Not unlike the recipe for your mum’s famous chocolate cake, the recipe for business success calls for various ingredients and steps plus time and patience. It requires short-term work (baking) to yield long-term results (happy tummies).
In business, short- and long-term goals are used tactically to help a business move forward. But what are they? And how are they set? We’ll define and compare short-term and long-term goals and show you 15 examples of what they look like in business.
It’s all in the name — long-term outcomes are what your company wants to achieve in the long term. They’re high-level goals or strategies you want to accomplish in the coming years, driving you closer to your vision. Good long-term goals should be adaptable to technological, political and other environmental changes.
No exact period defines long-term goals, but most organisations think of them as goals you aim to achieve in the next one to ten years. While ambitious, they inform short-term goals and day-to-day business flow and vice versa. Knowing a general direction is essential, but keeping a bottom-up approach that supports adaptability, creativity and more input into decision-making is still crucial.
The term ‘short’ is key in describing short-term goals. They define business goals you want to achieve in the near future, which can span from a week to a year, depending on the project and organisational preferences. They focus on the present, promoting productivity and good time management.
Short-term goals are clear, easily actionable and geared toward individual or team efforts rather than overall strategy. That being said, short-term goals should still be set with long-term strategy in mind — to set short-term goals, you need to know generally where your business is heading. In simpler terms, short-term goals are the steps you need to take to get where you want to be and a tool to check you’re heading in the right direction.
Short-term and long-term goals may differ, but it’s not quite David and Goliath. Below we’ve listed three key factors that set short- and long-term goals apart.
The biggest difference between short-term goals and long-term goals is their purpose. Long-term goals are strategic — they’re a plan for the future of the business. Short-term goals contribute to business success but have more to do with your current performance.
There’s no one-size-fits-all approach to defining what’s considered short-term or long-term, but generally speaking, short-term goals are more likely to be measured by weeks or months and long-term goals by years. Long-term business strategies require many short-term goals to meet.
Short-term goals and long-term organisational goals are also different in adaptability. Short-term goals are typically more clearly defined and actionable, whereas long-term goals are flexible to changes in strategy.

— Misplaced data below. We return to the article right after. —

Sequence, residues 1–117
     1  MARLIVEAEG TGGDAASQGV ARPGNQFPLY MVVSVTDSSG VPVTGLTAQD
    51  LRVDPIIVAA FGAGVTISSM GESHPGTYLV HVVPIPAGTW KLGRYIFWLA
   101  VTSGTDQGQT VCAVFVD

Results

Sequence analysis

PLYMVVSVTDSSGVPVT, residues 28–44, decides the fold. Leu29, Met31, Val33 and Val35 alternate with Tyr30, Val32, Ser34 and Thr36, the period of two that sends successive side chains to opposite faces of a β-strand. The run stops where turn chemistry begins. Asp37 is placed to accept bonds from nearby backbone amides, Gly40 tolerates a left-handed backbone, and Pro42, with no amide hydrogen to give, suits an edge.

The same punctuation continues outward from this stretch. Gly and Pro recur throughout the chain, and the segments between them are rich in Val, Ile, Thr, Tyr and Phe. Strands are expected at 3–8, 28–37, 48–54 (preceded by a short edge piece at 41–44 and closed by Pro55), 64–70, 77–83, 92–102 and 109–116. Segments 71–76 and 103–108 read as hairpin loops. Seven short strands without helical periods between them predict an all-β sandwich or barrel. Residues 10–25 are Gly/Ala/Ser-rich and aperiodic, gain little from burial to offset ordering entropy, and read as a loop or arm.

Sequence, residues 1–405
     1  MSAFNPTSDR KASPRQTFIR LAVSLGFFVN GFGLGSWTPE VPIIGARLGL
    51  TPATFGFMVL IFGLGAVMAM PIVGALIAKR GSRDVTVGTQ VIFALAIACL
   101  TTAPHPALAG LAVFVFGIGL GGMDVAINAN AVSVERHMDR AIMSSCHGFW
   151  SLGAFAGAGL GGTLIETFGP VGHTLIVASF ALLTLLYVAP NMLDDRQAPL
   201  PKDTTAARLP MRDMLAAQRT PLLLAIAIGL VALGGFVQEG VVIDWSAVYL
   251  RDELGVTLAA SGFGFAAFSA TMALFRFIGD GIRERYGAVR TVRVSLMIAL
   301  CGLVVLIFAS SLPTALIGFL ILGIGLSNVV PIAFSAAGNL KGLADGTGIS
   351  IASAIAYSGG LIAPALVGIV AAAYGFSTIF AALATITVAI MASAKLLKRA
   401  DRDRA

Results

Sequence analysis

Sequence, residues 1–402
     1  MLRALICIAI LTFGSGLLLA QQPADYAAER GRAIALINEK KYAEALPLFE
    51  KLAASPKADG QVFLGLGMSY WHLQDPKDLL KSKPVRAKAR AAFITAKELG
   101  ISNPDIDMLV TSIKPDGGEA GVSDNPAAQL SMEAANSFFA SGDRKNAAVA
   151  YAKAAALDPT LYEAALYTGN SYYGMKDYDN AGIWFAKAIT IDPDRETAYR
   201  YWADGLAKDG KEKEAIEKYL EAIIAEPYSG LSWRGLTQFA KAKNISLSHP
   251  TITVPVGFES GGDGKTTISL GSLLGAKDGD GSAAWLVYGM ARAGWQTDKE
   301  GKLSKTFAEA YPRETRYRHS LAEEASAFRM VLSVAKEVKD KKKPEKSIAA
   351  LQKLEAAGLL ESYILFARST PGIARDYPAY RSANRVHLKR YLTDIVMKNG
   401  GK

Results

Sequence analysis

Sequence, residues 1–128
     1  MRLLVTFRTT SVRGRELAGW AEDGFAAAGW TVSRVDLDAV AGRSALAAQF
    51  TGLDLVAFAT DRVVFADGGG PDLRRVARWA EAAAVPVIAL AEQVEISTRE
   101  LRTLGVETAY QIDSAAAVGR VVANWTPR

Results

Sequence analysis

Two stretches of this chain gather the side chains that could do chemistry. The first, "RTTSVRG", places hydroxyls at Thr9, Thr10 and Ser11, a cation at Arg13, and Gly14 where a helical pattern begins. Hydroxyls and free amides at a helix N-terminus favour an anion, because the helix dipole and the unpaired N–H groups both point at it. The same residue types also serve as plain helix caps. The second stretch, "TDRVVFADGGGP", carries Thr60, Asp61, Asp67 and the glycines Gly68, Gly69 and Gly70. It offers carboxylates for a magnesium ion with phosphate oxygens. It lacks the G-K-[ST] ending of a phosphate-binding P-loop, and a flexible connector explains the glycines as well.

Looking for some real-world examples to help you write business goals? Using the SMART methodology — which requires goals to be Specific, Measurable, Achievable, Relevant and Time-bound — we’ve compiled some examples of long- and short-term business goals that are easily adaptable.
A long-term marketing goal might sound like this:
And the short-term goals that support this long-term strategy might look like this:
The following might be a long-term finance goal:
And to support the long-term strategy, short-term finance goals may look like this:
Long-term HR goals would include:
Whereas the short-term HR goals for the long-term strategy may look like this:
A typical goal for long-term sales growth may look like this:
In contrast, the short-term goals for sales might be as follows:
An example of a long-term customer service goal might be:
Whereas customer service short-term goals are more likely to be specific:
Whether you’re 20 years into trading or in the early stages of business, getting past the ‘vision’ part of goal setting is not always easy. You may know where you want to be, but getting there is the hard part.
A goal-setting framework like Objectives and Key Results (OKRs) bridges the gap between vision and strategy. It uses short-term targets to support medium- and long-term goals.
If your long-term vision is to grow revenue, your quarterly OKRs may look like this:
Objective: Improve monthly sales revenue
Set, share and track goals without a hitch using user-friendly software like Tability. Tability's easy-to-use tools and check-in emails support team buy-in, making it easy for your business to adopt it. Give it a go with a free trial today.
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